- The Washington Times - Friday, November 15, 2019

Roger Stone expects to be convicted, his friend and frequent collaborator Alex Jones said, as jurors began deliberating the fate of President Trump’s former campaign adviser.

Mr. Jones, the controversial media personality behind the Infowars brand, said that Mr. Stone told him ahead of deliberations starting Thursday that he plans to be found guilty.

“He expects to be convicted. He said only a miracle can save him now. Those are his exact words to me last night and this morning,” Mr. Jones said during his talk show.


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“He said to me, ‘Alex, barring a miracle, I appeal to God and I appeal to your listeners for prayer and I appeal to the president to pardon me, because to do so would be an action that would show these corrupt courts that they’re not going to get away with persecuting people for their free speech or for the crime of getting the president elected. If we don’t do that it will embolden their criminal activity,’” Mr. Jones continued.

The purported appeal from Mr. Stone was followed by Mr. Jones urging his audience to, in the event of conviction, “encircle the White House with bullhorns demanding President Trump take action.”



“These libtard jurors know damn well he’s innocent,” Mr. Jones said later during the broadcast. “But they want to sit there and feel all officious and powerful and send him to prison, hoping for some victory against flyover country that they despise so much, that they’re so angry they don’t have control of.”

“It’s Roger Stone’s request that if he’s convicted you call the White House,” Mr. Jones added.

Mr. Stone, the president’s former campaign adviser and longtime confidant, has been charged by federal prosecutors in connection with allegedly interfering in efforts by Congress to investigate Russian interference in the 2016 U.S. presidential race. He has pleaded not guilty to counts of obstruction, witness tampering and perjury currently being considered by jurors in D.C. federal court.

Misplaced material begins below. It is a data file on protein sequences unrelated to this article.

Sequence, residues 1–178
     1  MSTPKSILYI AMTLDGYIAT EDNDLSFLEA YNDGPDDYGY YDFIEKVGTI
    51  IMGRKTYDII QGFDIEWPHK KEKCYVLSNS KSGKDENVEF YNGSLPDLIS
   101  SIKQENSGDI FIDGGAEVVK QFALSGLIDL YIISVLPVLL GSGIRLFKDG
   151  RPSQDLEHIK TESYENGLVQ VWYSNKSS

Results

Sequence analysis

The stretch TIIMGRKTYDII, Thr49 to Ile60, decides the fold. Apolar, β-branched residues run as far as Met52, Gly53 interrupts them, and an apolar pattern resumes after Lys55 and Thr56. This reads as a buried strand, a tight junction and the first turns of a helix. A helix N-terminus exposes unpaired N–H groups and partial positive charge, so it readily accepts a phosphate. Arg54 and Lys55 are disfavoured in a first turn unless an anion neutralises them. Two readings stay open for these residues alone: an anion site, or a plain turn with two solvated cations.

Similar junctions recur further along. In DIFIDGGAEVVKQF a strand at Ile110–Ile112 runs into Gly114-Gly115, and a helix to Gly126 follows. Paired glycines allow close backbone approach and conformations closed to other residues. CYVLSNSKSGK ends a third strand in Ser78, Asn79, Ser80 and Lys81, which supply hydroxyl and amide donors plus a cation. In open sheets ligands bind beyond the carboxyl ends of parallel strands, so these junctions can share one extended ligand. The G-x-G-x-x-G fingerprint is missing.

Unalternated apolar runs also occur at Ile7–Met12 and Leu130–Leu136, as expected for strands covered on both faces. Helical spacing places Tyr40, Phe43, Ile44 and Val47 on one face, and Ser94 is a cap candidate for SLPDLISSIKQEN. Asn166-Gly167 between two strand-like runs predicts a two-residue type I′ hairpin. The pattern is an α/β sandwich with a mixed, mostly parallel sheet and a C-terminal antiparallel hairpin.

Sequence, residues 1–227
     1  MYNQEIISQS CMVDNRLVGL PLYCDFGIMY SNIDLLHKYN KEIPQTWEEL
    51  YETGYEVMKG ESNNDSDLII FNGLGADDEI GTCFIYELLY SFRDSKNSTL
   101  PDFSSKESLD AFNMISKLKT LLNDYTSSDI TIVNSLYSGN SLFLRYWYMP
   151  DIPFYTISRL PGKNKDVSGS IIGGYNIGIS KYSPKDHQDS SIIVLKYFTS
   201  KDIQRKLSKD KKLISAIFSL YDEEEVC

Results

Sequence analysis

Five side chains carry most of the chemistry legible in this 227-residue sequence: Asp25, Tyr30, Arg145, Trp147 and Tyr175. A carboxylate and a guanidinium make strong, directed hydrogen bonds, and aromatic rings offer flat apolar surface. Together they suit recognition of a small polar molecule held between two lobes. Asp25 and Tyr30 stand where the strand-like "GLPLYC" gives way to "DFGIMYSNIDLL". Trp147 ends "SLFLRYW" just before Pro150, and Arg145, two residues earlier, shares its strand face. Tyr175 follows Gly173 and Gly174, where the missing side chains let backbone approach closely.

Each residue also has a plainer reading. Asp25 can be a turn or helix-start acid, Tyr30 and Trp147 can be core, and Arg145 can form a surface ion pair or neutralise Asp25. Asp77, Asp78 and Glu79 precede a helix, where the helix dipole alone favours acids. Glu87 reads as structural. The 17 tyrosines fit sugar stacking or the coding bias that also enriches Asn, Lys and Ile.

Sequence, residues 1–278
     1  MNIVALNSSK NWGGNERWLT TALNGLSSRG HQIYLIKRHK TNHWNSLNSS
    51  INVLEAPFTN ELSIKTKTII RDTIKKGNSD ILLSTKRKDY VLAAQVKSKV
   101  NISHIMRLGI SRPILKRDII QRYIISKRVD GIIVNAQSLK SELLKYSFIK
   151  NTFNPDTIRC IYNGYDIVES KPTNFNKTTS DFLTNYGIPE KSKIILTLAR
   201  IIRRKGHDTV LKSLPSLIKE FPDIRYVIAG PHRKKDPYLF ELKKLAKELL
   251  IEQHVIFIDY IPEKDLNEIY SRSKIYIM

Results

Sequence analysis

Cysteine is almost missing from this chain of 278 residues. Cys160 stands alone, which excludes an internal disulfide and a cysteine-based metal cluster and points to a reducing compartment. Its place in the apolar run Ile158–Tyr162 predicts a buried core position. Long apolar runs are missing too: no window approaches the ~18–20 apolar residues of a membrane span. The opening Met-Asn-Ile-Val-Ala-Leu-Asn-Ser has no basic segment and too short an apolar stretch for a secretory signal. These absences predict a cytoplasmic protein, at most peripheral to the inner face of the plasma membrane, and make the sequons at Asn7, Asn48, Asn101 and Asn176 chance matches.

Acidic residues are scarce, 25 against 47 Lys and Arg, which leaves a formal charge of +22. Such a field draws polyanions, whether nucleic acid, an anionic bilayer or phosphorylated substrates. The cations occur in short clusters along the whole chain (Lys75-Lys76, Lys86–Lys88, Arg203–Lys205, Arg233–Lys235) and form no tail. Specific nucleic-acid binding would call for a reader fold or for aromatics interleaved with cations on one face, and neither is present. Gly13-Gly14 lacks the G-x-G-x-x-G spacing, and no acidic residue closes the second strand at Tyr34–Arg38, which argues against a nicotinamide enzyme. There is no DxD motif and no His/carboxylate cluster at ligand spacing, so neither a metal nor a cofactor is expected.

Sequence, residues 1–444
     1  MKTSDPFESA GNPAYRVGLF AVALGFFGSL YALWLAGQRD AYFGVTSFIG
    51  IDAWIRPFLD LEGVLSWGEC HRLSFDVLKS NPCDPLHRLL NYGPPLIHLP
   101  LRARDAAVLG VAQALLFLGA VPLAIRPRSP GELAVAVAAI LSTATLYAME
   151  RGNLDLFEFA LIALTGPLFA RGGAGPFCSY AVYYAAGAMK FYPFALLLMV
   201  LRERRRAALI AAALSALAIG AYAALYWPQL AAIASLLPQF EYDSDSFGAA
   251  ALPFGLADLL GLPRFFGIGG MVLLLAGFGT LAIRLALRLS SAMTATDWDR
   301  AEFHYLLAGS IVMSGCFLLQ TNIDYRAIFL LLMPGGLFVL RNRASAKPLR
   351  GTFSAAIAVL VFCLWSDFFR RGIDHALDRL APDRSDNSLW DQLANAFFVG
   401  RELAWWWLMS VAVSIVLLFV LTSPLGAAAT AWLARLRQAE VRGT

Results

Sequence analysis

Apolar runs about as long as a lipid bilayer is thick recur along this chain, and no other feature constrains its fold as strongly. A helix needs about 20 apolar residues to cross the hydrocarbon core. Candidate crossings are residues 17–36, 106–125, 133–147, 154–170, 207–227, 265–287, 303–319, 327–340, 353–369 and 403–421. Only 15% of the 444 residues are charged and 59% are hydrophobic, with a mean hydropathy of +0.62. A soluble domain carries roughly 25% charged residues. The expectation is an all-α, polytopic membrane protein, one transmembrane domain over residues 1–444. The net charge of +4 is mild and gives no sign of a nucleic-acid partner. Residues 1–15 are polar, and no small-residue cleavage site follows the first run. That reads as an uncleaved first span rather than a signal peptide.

“He’s just blindsided by the fact that they’re actually trying to put him in prison,” Mr. Jones told The Washington Times as jury deliberations in the Stone case continued Friday.

A longtime Republican consultant, Mr. Stone, 67, frequently collaborated with Mr. Jones and made regular appearances on his talk show in recent years until a court order barred him from commenting publicly about his criminal case.

Among the provisions included in the gag-order is a restriction that has prohibited Mr. Stone from “having statements made publicly on his behalf by surrogates, family members, spokespersons, representatives or volunteers.” It was not clear if the message seeking a pardon purportedly relayed by Mr. Jones would constitute a violation, and Mr. Stone’s lead defense attorney did not immediately return a request for comment.

Mr. Jones, 45, has run the Infowars website since 1999, where articles about subjects including the Sept. 11 terrorist attacks and Sandy Hook school shooting helped establish its publisher’s reputation as a right-wing conspiracy theorist. His program, “The Alex Jones Show,” received millions of views each month on YouTube prior to being banned by the video service in 2018. He has similarly been banned from services operated by fellow tech titans including Facebook and Twitter.

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